Watch a Fat Man Die: MTV Premieres Art Breaks 2.0

by Corinna Kirsch on April 3, 2012 · 3 comments Newswire

Art Breaks 2.0 seeks to recapture MTV's glory days.

If watching MTV programs like Jersey Shore and Sixteen and Pregnant makes you feel dirty, MTV has a pill to relieve your pain. MTV Art Breaks, a collaboration with Creative Time and MoMA PS1, debuts short video clips made by artists including Rashaad Newsome, Mads Lynnerup, and Mickalene Thomas, with more artists to be announced soon. Starting this week, these clips will play during MTV's commercial programming, both online and on cable TV.

This has happened before. In 1985, MTV collaborated with New York's major art stars to produce Art Breaks, which featured videos by Richard Prince, Dara Birnbaum, and Jean Michel Basquiat, among others. This time around, the videos are available to watch on-demand, but there's also a difference in the type of artists chosen to participate. For Art Breaks 2.0, the artists commissioned by MoMA PS1 and Creative Time are emerging stars, but aren't at the Basquiat level of fame. “We hope that 27 years later, people will be talking about Rashaad or Tala Madani in the same way we're talking about Richard Prince and Basquiat,” Stephen Friedman, president of MTV, said of the change.

I'm doubtful that these art shorts will have as much of an impact as the original Art Breaks. Part of the fun (and the critique) was that you'd never know when “art” would pop up during the commercials. As Dara Birnbaum said about her 1987 MTV Art Break, “You had to be glued to see it, it went by so fast.”  Now, you can watch the videos online whenever you want—and there's an Art Breaks Tumblr you can follow for updates.

Although there's differences between then-and-now, from what I've seen of the new MTV Art Breaks, the videos' content still reflects the earlier editions: some are flashy and look like music videos, while others have a deep, dark humor. Rashaad Newsome's Art Break looks like a glitzy music video, full of gold teeth and buffeted by a rhythmic soundtrack. That's not a complaint: MTV's original Art Breaks weren't all deep. Richard Prince's video was a lighthearted riff on MTV—he stood in front of the Guggenheim, eating an ice cream cone while saying, “MTV: don't leave home without it.” And Basquiat's clip shows him fooling around  with friends in a studio.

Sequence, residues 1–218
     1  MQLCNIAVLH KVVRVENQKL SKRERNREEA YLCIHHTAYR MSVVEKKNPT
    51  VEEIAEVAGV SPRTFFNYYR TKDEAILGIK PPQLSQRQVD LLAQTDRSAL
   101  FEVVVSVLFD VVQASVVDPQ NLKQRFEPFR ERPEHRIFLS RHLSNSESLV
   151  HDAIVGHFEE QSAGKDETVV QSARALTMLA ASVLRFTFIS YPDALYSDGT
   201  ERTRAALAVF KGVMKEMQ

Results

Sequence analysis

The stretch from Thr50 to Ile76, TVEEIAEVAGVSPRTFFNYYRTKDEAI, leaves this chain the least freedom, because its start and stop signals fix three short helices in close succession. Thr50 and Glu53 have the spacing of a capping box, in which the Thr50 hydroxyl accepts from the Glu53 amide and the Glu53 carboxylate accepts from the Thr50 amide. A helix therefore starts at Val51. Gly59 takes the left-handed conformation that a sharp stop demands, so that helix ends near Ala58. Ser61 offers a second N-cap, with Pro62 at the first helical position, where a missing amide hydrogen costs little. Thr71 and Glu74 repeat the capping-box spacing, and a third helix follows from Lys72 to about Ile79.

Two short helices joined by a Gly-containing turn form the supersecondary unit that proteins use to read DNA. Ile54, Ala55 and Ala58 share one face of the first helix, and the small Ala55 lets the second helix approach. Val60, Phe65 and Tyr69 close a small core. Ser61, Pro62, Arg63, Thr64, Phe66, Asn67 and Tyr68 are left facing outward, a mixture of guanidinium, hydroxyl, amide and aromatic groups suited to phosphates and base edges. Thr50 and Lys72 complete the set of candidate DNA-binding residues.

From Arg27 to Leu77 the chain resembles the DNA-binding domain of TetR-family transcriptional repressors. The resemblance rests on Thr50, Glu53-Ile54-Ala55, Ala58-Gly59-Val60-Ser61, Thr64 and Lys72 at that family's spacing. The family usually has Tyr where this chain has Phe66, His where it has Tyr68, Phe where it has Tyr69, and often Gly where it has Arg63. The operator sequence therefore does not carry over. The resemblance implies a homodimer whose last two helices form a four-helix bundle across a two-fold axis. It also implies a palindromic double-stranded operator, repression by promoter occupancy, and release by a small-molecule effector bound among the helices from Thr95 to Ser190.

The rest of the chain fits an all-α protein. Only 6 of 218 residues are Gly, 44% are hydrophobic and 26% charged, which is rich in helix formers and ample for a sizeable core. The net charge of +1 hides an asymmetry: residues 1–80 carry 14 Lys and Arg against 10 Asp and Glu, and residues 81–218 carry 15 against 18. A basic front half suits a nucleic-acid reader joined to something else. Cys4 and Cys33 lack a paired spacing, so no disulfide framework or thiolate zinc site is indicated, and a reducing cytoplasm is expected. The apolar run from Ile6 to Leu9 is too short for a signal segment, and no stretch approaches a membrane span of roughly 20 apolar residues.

By far, my favorite new Art Break is Tala Madani's Under Man. It's a rough animation of a fat man who gets rocks, bricks, and pots, thrown at him in an absurd, Wiley E. Coyote way. Eventually, the fat man decides to kill himself. This WTF moment wouldn't happen in most commercials—after all, suicide isn't really thought of as family-friendly.

Although I doubt that all of the new MTV Art Breaks will be just as provocative as Tala Mandani's farcical animation, I'm still going to follow the Tumblr to see what happens. It's just another way to discover new art, so why not.

  • Anonymous

    I don’t see why increasing the accessibility of Art Breaks would lessen their impact.  Putting them on Tumblr, On Demand and other places makes total sense to me because it gets the word out through other channels, and being able to watch them any time I want makes a lot more sense to me than having to force me to watch MTV to see them.  Beavis and Butt-Head coming back was the first time I had willfully turned that channel on in years; I’m not going to watch it just in hopes of seeing some cool video art in between eye-gougingly terrible Teen Mom segments.  This way, I might actually get to see them.

    If anything, I’d be more worried about what modern MTV’s idea of “good” art or artists is.  My guess is the output from this is mostly going to be loud, abrasive, and on the level of your average shitty viral video.

    • http://hereisafantasy.com Corinna Kirsch

      The impact of the first one was that it was supposed to break up the monotony of TV with that unexpected moment of “art.” Now, I don’t watch “Teen Mom” crap, but yeah, I wouldn’t want to watch a marathon of it, just in hopes of catching a somewhat cool art clip for 30 seconds. 
      And yeah, so far, the videos are average – but that’s still better than most other stuff I see on the internets. : )

  • tim h

    Why are you calling the guy in the Tala Madani video fat?  He’s not fat at all, and the video isn’t about being fat.

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